As I get older Christmas changes.
For one thing, the cheeriness of the season seems to get more and more lost in the annoyance of the shopping frenzy. Every year brings a new disgrace from the conduct of those shoppers who turn Christmas into a battle zone of mall derangement. And there’s Black Friday. And retail stores with 18 hour schedules. And sale’s wars. These things make Christmas preposterous.
Why not make it a rule that everyone gets $100 of Christmas shopping money per year and no more. And nothing goes on sale. No bargain bins or price cuts. Everything stays the same as always. The stores all keep their usual hours. People might then decide to only get one nice gift for someone and then perhaps make the rest of their gifts. People might actually think about what gift or gifts they give. People might even get creative and shop in remote little places where there are items no one has and people have not endlessly handled. People might stay home more and enjoy the pre Christmas days with family and not be frazzled and angry from traffic snarls and congested malls and huffy shoppers. There’s nothing to say we couldn’t all try it.
The whole religious message seems to change for me as well. I passed a mega church the other evening. In their entryway there was a giant Christmas tree bright with lights and decorations. It was pretty, lovely really. But is that the Christmas message of the church?
Advent is celebrated by most Christian churches during Christmas. A candle is lighted on the four Sundays before Christmas in anticipation of the birth of Christ. It is to be a time of reflection, confession, and waiting. These are experiences hard to come by in our modern Christmas gyrations.
When I was in the church I always thought if we truly saw the Christ Child as the coming of love into the world to help show us what love is really like and how to behave as loving people then Advent and Christmas would be beautiful. And they would be powerful reminders of how life is to be lived in all seasons of life.
The original Christmas setting as described in the New Testament is filled with humility, barrenness, hard circumstances, endurance, commitment, devotion and love. We seem to be forever missing this central message year after passing year.
In his book, The Good Man Jesus and the Scoundrel Christ, British novelist Philip Pullman writes, “Lord, if I thought you were listening, I'd pray for this above all: that any church set up in your name should remain poor, and powerless, and modest. That it should wield no authority except that of love. That it should never cast anyone out. That it should own no property and make no laws. That it should not condemn, but only forgive. That it should be not like a palace with marble walls and polished floors, and guards standing at the door, but like a tree with its roots deep in the soil, that shelters every kind of bird and beast and gives blossom in the spring and shade in the hot sun and fruit in the season, and in time gives up its good sound wood for the carpenter; and that sheds many thousands of seeds so that new trees can grow in its place. Does the tree say to the sparrow, 'Get out, you don't belong here?' Does the tree say to the hungry man, 'This fruit is not for you?' Does the tree test the loyalty of the beasts before it allows them into the shade?”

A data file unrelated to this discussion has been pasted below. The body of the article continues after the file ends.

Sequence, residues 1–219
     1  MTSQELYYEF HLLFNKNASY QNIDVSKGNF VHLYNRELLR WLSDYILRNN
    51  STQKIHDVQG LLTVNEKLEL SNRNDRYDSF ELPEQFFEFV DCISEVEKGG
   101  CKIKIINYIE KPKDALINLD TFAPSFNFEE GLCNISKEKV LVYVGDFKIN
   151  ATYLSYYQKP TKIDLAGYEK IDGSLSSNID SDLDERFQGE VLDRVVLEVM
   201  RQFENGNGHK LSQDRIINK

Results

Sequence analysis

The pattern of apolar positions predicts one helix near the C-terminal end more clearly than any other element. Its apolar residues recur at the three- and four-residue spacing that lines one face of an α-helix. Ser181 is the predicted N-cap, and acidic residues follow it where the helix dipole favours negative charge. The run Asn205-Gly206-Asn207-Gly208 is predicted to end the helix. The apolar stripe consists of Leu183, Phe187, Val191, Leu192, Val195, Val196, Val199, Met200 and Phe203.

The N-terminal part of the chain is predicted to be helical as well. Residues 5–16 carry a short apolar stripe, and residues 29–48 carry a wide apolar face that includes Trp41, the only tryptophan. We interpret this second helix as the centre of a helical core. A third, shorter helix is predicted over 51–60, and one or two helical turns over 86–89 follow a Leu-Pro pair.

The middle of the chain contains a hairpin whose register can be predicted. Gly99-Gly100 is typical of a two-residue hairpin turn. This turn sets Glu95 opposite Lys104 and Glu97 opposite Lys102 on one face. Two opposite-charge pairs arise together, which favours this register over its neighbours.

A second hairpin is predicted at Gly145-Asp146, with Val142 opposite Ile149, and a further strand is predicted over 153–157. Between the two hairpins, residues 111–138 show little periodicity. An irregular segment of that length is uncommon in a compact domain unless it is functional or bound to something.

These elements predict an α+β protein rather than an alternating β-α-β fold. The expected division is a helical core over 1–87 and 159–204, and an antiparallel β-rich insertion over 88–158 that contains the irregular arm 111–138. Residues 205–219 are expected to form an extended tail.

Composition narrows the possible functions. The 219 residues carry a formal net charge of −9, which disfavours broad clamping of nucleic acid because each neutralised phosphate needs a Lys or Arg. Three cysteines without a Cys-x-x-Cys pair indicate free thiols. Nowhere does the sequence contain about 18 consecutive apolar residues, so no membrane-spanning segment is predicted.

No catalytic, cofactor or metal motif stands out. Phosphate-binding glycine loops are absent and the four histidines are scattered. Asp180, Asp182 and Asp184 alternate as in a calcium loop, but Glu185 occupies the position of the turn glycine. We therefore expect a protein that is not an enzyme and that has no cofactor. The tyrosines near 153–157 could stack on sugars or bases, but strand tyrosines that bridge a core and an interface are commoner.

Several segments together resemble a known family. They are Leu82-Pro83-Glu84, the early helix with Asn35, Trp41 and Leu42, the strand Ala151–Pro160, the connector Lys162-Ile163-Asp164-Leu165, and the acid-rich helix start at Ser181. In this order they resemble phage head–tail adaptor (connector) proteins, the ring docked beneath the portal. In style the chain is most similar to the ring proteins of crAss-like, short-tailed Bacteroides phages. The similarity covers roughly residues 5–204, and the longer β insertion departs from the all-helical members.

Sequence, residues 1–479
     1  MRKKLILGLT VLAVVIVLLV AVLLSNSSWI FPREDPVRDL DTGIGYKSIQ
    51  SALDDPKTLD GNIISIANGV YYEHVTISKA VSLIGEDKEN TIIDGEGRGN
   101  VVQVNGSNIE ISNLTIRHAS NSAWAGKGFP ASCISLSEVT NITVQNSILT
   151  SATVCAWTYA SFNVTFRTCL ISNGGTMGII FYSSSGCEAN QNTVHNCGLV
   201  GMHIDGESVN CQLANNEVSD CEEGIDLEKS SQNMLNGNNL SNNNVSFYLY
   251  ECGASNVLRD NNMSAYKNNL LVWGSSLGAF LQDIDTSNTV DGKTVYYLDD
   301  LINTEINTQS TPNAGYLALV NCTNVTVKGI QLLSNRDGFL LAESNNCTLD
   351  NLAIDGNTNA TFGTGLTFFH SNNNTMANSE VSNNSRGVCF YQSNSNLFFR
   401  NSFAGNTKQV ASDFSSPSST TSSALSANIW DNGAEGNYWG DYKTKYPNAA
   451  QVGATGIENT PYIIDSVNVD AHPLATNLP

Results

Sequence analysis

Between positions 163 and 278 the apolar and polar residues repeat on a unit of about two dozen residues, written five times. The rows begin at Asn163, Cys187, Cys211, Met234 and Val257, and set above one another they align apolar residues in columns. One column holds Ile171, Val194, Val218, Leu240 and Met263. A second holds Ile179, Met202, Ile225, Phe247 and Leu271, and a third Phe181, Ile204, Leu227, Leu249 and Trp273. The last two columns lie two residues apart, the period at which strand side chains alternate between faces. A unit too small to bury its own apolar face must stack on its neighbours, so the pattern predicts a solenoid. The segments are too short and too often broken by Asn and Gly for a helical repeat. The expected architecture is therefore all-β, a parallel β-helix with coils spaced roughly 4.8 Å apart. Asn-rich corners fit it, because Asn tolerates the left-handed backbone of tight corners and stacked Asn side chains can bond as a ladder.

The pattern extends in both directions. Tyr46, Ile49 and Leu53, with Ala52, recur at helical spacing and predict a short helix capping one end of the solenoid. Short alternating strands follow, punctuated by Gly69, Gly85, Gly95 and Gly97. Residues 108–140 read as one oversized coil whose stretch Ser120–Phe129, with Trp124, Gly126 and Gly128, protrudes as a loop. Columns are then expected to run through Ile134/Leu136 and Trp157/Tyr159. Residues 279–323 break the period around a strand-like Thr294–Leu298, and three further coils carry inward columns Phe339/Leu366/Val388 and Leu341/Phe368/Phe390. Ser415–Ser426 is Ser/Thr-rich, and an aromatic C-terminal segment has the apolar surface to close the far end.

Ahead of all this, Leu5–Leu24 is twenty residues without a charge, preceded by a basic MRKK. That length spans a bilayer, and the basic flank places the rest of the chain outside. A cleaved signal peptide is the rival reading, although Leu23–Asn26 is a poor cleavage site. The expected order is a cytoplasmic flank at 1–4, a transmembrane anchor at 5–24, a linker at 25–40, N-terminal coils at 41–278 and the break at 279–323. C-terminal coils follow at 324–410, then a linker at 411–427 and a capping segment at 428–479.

What a concept for the Christian Church, especially in this season when it celebrates the coming of one surrounded in poverty and need but also in wonder and love.
In the delightful Christmas movie, Polar Express, the boy who wants to believe in Santa has in his sleep a wonderful and revealing adventure on a magical train. At one point he is visited by a hobo who says, “What exactly is…is your persuasion on the Big Man, since you brought him up?” The boy stammers and says, “Well I…I want to believe…but…” And the hobo says, “But you don’t want to be bamboozled. You don’t want to be led down the primrose path! You don’t want to be conned or duped. Have the wool pulled over your eyes. Hoodwinked! You don’t want to be taken for a ride! Railroaded! ...Am I right?” The boy stunned, wide-eyed and staring breathlessly, nods in the affirmative.
I don’t want that either. I don’t want it from the gross commercialization of this season from the bottom line retail industry. And I don’t want it from the religious community astray in its own materialism and confusing messages.
Give me a Christmas trimmed down to the basics; a Christmas where I feel the grace of something quiet and humble; where I am not jaded by cheap gaudiness and my own selfishness; but rather a Christmas where I am joyous in acts of compassionate generosity; where I am astonished by uncluttered beauty; and where I bow in reverence to love’s essentialness, transparency, exuberance and invincibility.
© 2013 Timothy Moody